Take a look at this graph (NGDP Great Moderation Trend):

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Apparently, it isn’t anywhere in sight during FOMC meetings. It probably isn’t even anywhere within miles of the meeting hall.

Just to remind myself what the FOMC is supposed to care about, I keep repeating this, the legislative mandates that were amended to the Federal Reserve Act by the Full Employment and Balanced Growth Act when signed into law in October of 1978:

 [The Federal Reserve] shall maintain long run growth of the monetary and credit aggregates commensurate with the economy’s long run potential to increase production, so as to promote effectively the goals of maximum employment, stable prices, and moderate long-term interest rates.

Given the law, and looks of this graph, it is difficult to comprehend the closing paragraph from the latest minutes release:

Members stressed that any changes to the purchase program should be conditional on continuing assessments both of labor market and inflation developments and of the efficacy and costs of asset purchases. In light of the current review of benefits and costs, one member judged that the pace of purchases should ideally be slowed immediately. A few members felt that the risks and costs of purchases, along with the improved outlook since last fall, would likely make a reduction in the pace of purchases appropriate around midyear, with purchases ending later this year. Several others thought that if the outlook for labor market conditions improved as anticipated, it would probably be appropriate to slow purchases later in the year and to stop them by year-end. Two members indicated that purchases might well continue at the current pace at least through the end of the year. It was also noted that were the outlook to deteriorate, the pace of purchases could be increased.

It’s difficult to comprehend these earlier statements made people who are supposed to be bound to doing at least two of the parts of the mandate, that serve as a basis for the decision:

Participants generally agreed that asset purchases also have potential costs and risks. In particular, participants pointed to possible risks to the stability of the financial system, the functioning of particular financial markets, the smooth withdrawal of monetary accommodation when it eventually becomes appropriate, and the Federal Reserve’s net income. Their views on the practical importance of these risks varied, as did their prescriptions for mitigating them. Asset purchases were seen by some as having a potential to contribute to imbalances in financial markets and asset prices, which could undermine financial stability over time. Moreover, to the extent that asset purchases push down longer-term interest rates, they potentially expose financial markets to a rapid rise in those rates in the future, which could impose significant losses on some investors and intermediaries.

Nevertheless, a number of participants remained concerned about the potential for financial stability risks to build. One consequence of asset purchases has been the increase in the Federal Reserve’s net income and its remittances to the Treasury, but those values were projected to decline, perhaps even to zero for a time, as the Committee eventually withdraws policy accommodation. Some participants were concerned that a substantial decline in remittances might lead to an adverse public reaction or potentially undermine Federal Reserve credibility or effectiveness. The possibility of such outcomes was seen as necessitating clear communications about the outlook for Federal Reserve net income. Several participants stated that such risks should not inhibit the Committee from pursuing its mandated objectives for inflation and employment.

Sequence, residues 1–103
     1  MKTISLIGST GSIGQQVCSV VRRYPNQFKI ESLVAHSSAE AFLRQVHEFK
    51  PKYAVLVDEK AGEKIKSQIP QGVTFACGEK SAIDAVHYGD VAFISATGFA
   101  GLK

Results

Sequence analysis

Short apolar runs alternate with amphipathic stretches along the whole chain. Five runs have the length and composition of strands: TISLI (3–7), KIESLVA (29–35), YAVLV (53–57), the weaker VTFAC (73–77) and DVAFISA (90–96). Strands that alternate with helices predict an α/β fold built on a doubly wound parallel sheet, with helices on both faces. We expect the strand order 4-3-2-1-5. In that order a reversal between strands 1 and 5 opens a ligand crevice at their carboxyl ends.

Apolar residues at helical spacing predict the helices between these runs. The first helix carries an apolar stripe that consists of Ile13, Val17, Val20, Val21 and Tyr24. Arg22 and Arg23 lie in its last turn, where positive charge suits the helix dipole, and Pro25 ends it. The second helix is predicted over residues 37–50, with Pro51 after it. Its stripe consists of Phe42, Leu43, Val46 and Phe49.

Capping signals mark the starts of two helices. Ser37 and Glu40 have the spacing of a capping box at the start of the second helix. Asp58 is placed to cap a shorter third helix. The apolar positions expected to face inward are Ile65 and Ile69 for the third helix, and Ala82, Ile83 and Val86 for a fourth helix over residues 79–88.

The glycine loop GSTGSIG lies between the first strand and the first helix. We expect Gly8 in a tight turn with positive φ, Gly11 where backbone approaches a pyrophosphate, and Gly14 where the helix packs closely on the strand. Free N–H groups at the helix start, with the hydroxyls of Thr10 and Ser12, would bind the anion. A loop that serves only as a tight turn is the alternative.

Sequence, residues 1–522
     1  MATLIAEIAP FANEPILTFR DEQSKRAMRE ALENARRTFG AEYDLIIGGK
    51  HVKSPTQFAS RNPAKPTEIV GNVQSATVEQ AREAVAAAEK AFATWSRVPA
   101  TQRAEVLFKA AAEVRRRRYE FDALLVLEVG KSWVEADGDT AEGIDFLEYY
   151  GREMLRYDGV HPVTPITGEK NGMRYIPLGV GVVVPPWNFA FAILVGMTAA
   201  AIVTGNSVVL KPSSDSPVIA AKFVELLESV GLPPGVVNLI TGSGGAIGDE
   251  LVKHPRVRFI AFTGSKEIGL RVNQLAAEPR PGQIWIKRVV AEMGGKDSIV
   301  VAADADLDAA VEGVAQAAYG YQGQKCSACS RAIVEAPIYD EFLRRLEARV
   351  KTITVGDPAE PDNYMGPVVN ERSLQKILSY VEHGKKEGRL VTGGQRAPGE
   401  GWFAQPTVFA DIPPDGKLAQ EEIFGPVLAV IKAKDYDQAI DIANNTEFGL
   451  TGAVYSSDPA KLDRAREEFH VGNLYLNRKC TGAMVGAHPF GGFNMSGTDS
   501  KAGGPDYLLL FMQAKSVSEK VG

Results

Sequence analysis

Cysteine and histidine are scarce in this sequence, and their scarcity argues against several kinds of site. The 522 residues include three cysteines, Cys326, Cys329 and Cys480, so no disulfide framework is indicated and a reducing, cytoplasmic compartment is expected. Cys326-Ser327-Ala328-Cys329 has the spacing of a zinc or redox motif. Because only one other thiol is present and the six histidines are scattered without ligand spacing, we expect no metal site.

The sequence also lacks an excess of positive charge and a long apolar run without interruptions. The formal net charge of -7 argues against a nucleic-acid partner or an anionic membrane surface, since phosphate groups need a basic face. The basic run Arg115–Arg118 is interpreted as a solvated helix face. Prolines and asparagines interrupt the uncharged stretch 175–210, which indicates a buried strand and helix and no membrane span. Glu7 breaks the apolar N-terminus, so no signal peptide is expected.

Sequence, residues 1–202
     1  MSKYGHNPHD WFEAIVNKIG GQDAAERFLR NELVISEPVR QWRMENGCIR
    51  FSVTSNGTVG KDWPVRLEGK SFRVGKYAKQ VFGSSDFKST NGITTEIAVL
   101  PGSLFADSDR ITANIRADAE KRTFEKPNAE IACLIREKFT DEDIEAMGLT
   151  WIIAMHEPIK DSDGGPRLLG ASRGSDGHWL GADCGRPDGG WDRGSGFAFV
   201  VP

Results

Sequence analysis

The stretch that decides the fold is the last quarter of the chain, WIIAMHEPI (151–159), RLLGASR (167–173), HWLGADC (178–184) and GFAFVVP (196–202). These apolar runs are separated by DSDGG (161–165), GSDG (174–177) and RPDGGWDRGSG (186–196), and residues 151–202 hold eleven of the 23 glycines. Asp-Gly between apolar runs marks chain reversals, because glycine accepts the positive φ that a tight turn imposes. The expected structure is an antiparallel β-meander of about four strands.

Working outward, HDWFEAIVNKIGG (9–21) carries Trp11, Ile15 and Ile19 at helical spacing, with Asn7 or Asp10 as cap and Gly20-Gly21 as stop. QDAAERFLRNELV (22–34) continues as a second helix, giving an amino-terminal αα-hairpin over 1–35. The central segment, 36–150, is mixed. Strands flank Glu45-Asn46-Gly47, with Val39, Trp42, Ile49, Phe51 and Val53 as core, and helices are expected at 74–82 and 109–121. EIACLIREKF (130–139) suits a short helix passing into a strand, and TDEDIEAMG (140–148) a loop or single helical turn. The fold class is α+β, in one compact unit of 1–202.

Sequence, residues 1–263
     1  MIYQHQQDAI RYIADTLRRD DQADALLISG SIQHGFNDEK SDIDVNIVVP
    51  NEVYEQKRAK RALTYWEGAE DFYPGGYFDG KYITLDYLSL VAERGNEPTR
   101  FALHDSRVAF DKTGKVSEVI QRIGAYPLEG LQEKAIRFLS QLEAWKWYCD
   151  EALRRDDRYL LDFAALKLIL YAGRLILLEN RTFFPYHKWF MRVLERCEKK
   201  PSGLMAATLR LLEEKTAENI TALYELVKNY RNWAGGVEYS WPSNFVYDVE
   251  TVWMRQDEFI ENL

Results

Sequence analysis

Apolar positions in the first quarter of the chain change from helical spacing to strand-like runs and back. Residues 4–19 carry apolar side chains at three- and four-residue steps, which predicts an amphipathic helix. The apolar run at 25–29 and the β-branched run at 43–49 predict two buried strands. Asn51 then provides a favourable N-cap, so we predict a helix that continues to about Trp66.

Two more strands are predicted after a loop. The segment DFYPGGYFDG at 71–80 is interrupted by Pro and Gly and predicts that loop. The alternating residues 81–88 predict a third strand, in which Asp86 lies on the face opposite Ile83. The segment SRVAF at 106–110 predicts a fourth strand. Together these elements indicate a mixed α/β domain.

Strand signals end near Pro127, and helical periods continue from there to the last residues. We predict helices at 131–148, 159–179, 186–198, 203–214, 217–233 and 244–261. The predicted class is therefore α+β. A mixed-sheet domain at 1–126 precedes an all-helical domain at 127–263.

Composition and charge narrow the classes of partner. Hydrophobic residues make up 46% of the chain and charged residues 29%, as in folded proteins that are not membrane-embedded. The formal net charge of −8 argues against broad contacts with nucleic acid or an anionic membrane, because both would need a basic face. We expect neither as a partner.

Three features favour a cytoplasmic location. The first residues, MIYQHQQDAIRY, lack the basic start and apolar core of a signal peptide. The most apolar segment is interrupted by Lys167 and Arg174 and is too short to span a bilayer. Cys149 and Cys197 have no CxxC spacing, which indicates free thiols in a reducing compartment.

Some participants also were concerned that additional asset purchases could complicate the eventual firming of policy–for example, by impairing the Committee’s control over the federal funds rate. A few participants raised the possibility of an undesirable rise in inflation.

Another exit-related concern was a possible adverse effect on market functioning from MBS sales during the normalization of the Federal Reserve’s balance sheet.

A few participants noted that curtailing the purchase program was the most direct way to mitigate the costs and risks.

In light of their discussion of the benefits and costs of asset purchases, participants discussed their views on the appropriate course for the current asset purchase program. A few participants noted that they already viewed the costs as likely outweighing the benefits and so would like to bring the program to a close relatively soon. A few others saw the risks as increasing fairly quickly with the size of the Federal Reserve’s balance sheet and judged that the pace of purchases would likely need to be reduced before long. Many participants, including some of those who were focused on the increasing risks, expressed the view that continued solid improvement in the outlook for the labor market could prompt the Committee to slow the pace of purchases beginning at some point over the next several meetings, while a few participants suggested that economic conditions would likely justify continuing the program at its current pace at least until late in the year.

I’ve got a hint for the clueless clowns on the FOMC: You aren’t supposed to care about asset prices, excess risk-taking, banks or being a governmental cash cow.

But given the discussion here it is quite plain that those are exactly the drivers for the nervous Nellies to want to turn tail and run from their legal responsibilities. Screw average people who have been denied a basic means of survival in addition to losing nearly everything over the last 5 years.

God help us.

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